This is rightly referred to as a ‘child centred’ approach and dismissed as such by definition as dangerously radical, subversive and threatening to ‘good order’, discipline and ‘right thinking’.
So what is the historic nature of this educational philosophy that is seen as so threatening to our government? The history is that of ‘Constructivism’ as interpreted by Piaget, Vygotsky, Bruner in the US, and many others, some of whose work is described in Part 5 of my book.
Constructivism is basically a theory — based on observation and scientific study — about how people learn. It says that people construct their own understanding and knowledge of the world, through experiencing things and reflecting on those experiences. When we encounter something new, we have to reconcile it with our previous ideas and experience, maybe changing what we believe, or maybe discarding the new information as irrelevant. In any case, we are active creators of our own knowledge. To do this, we must ask questions, explore, and assess what we know. Read more here.
In my book, and in the many articles on my website that discuss theories of learning, I use the term ‘developmentalism’ to describe constructivist approaches, because they all have in common the development of personal ‘schemas’ by means of which individuals remodel and refine their individual cognitive framework so as to make sense of their perceptions of the world and the factual knowledge that they encounter. This leads to both deep understanding and cognitive growth, such that the individual becomes wiser and cleverer, and therefore better equipped to evaluate and challenge. This is presumably why authoritarian governments and education regimes regard such approaches by teachers to be so dangerous.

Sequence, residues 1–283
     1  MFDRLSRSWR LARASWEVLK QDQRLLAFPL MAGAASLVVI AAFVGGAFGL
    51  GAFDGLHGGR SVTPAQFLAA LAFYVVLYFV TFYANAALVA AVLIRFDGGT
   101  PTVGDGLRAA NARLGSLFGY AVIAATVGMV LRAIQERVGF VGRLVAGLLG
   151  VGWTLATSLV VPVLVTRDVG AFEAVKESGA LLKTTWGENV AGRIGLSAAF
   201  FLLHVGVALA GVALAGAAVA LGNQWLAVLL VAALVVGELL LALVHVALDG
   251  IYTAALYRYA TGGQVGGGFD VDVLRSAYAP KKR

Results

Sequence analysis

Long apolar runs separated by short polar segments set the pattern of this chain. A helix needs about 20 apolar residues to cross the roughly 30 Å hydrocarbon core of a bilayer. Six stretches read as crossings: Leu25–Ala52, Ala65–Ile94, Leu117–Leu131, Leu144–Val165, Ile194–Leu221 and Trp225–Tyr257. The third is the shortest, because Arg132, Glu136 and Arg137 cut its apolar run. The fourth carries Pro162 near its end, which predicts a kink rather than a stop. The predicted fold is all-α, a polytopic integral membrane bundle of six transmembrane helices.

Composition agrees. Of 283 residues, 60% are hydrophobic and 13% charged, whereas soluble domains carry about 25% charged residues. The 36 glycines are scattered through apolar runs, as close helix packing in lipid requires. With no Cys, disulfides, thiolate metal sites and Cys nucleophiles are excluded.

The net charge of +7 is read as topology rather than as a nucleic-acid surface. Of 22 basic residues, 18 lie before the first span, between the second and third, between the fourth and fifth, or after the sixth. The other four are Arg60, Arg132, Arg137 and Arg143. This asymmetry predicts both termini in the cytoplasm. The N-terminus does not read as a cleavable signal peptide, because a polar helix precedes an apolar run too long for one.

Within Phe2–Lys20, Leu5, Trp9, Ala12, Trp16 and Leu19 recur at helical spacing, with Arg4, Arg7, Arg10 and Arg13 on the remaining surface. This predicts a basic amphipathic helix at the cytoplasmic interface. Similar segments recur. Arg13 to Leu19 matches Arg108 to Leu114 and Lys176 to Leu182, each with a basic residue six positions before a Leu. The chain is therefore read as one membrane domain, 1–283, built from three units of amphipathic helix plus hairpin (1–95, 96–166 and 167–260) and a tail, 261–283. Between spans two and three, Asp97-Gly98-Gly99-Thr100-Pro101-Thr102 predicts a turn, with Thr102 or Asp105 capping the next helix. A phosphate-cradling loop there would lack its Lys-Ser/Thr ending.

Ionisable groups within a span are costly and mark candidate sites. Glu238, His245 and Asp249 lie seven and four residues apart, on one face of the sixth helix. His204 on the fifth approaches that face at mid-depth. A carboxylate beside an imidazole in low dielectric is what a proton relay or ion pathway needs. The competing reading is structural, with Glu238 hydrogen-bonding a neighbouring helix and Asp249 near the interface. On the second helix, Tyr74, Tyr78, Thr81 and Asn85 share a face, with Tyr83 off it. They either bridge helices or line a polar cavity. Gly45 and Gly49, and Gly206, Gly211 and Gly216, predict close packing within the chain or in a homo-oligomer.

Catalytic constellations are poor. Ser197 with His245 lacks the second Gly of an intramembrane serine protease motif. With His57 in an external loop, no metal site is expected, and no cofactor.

This issue is addressed in depth in three of my articles. Here are the links together with an extract from each one.
Exposing pupils to cognitive conflict is central to all teaching for cognitive development. It essentially comprises presenting pupils with factual evidence that doesn’t consciously or unconsciously make initial sense to them, so creating a state of discomforting mental tension. In order for the conflict to be resolved within the mind of the individual learner a personal conceptual breakthrough is necessary. Cognitive development arises from the accumulation of such conceptual breakthroughs. It is in this context that ‘The Growth Mindset’ defines the learning resilience needed to persevere with the struggle to make sense of facts, phenomena and evidence, with the expectation of failures along the way. ‘Hard work’ is indeed required on the part of learners, but to be useful it has to be directed towards achieving understanding, not ’empty toil’ through repetition, rote learning, revision and testing.
While assimilation of facts and knowledge is an essential part of learning it is not enough to secure deep understanding. The decline of teaching for deep understanding is a serious cumulative weakness in the English education system that will be worsened by universal academisation. The ‘Slow Education‘ movement provides a further explanation of this process. This is what Vygotsky wrote.